Publisher: Crown Publishers (a division of Random House Books)
Publication Date: February 22, 2011
Format: Hardcover, 289 pages
Source: borrowed from the library
Genres: Fiction, Contemporary, Mystery, Suspense
“If I’d blinked, I would have missed it. But I didn’t, and I saw something fall from the rear deck of the opposite ferry: a small, wide-eyed human face, in one tiny frozen moment, as it plummeted toward the water.”
When she witnesses a small child tumbling from a ferry into Lake Champlain, Troy Chance dives in without thinking. Harrowing moments later, she bobs to the surface, pulling a terrified little boy with her. As the ferry disappears into the distance, she begins a bone-chilling swim nearly a mile to shore with a tiny passenger on her back.
Surprisingly, he speaks only French. He’ll acknowledge that his name is Paul; otherwise, he’s resolutely mute.
Troy assumes that Paul’s frantic parents will be in touch with the police or the press. But what follows is a shocking and deafening silence. And Troy, a freelance writer, finds herself as fiercely determined to protect Paul as she is to find out what happened to him. What she uncovers will take her into a world of wealth and privilege and heedless self-indulgence—a world in which the murder of a child is not unthinkable. She’ll need skill and courage to survive and protect her charge and herself.
Sara J. Henry’s powerful and compelling Learning to Swim will move and disturb readers right up to its shattering conclusion.
For me, this book was just OK. I went into it hoping for a lot more than it actually delivered. I was expecting a book full of suspense, a thriller – I mean, a little boy is thrown off a ferry, the synopsis hints at a great story, but it completely missed the mark. There wasn’t suspense, and what the synopsis hints at never comes about. I kept anxiously waiting for the big reveal only to be left disappointed. That’s not to say that it wasn’t a good book – it was well-written and the plot was OK, it just misrepresented itself which was a let-down. It was slow in the middle of the book, nothing eventful really happened, but there was a lot of character development done there.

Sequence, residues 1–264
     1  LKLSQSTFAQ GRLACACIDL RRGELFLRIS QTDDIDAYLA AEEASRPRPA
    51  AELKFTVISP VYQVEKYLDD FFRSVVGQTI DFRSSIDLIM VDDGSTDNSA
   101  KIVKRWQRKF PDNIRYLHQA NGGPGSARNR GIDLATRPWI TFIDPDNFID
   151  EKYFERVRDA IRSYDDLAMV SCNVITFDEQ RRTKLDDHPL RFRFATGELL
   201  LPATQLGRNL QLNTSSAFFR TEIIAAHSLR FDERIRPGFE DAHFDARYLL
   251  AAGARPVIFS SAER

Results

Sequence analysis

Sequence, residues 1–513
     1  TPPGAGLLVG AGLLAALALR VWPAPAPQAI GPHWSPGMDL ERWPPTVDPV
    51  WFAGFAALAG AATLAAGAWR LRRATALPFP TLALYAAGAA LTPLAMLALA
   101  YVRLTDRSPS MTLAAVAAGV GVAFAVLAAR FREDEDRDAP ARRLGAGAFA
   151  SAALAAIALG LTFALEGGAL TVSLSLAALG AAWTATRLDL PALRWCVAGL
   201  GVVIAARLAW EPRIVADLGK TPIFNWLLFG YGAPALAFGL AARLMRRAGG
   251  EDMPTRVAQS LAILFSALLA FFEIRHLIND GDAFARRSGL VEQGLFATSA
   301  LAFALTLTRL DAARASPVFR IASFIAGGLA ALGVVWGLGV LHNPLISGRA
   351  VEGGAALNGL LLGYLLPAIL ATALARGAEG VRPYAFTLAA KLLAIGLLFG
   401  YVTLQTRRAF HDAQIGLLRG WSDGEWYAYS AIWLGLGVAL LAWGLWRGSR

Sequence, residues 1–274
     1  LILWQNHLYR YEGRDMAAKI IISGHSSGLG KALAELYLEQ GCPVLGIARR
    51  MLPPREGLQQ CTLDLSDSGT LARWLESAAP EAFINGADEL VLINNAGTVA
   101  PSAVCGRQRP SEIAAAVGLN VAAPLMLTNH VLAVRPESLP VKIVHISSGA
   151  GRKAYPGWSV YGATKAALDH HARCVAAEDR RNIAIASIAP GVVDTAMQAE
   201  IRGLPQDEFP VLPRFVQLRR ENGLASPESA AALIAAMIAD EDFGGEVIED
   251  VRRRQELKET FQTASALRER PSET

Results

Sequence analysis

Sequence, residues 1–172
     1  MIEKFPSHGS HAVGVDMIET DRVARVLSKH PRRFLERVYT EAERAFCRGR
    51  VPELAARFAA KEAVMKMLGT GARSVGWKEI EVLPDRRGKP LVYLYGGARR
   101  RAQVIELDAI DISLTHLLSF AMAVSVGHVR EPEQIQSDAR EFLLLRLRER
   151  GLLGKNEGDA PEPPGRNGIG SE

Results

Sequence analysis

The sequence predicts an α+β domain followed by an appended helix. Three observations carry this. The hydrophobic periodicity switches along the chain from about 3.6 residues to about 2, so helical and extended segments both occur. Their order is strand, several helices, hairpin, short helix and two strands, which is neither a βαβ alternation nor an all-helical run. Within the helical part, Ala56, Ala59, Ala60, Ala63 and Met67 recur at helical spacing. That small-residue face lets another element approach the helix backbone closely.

The character of Troy was likeable but I found she made really weird decisions that makes the book as a whole hard to believe. She finds a boy and decides that she loves him so she doesn’t turn him in to the police – then tries to solve the case on her own. She uses Google to find the boy’s father (who has managed to keep a kidnapping out of the media for several months, by the way) and decides to drive up to Ottawa to see if he could kill his own son. Then moves in with the guy – but not in a romantic sense. She just drops everything and moves in to help with Paul. Because that would be the normal thing to do. I felt the ending was a bit far-fetched but it wrapped up the book nicely, and I suppose in this crazy world it could be plausible.
A small problem I had with the book was all the little asides about Canada and how Canadians live. I felt that it stopped the flow and detracted from the story. The cultural differences between Canada and the USA aren’t that big, so to me it felt unnecessary to stop the story progression in several places to explain to the reader these slight differences. I didn’t have a problem when it was worked into a scene (like Troy’s brother trying poutine for the first time, so Troy had to explain it to him before he tried it), it was the little side comments during narration that annoyed me.
It sounds like I hated this book, lol – I didn’t hate it. I thought it was OK. Enjoyable, even. It was just misrepresented. If you go into it knowing that it’s not going to be a mystery or thriller, and more like contemporary fiction, I think it would be a better read.
My Rating: 3 stars
Sara J. Henry stopped by the blog to give me an updated synopsis, one that I think is a lot truer to the book, so here it is:
When she sees what looks like a child tumbling from a ferry into frigid Lake Champlain, Troy Chance dives in without thinking. When she gets the child to shore she discovers that his name is Paul, he speaks only French—and no one seems to be looking for him. Her determination to protect Paul pulls Troy from her quiet life in a small Adirondack town into an unfamiliar world of wealth and privilege in Canada and then in Vermont. Her attachment to him—and the danger she faces when she tries to unravel the mystery of his abandonment—force her to evaluate everything she thought true about herself. Sara J. Henry’s riveting, award-winning debut will keep readers engrossed right up to its shattering conclusion.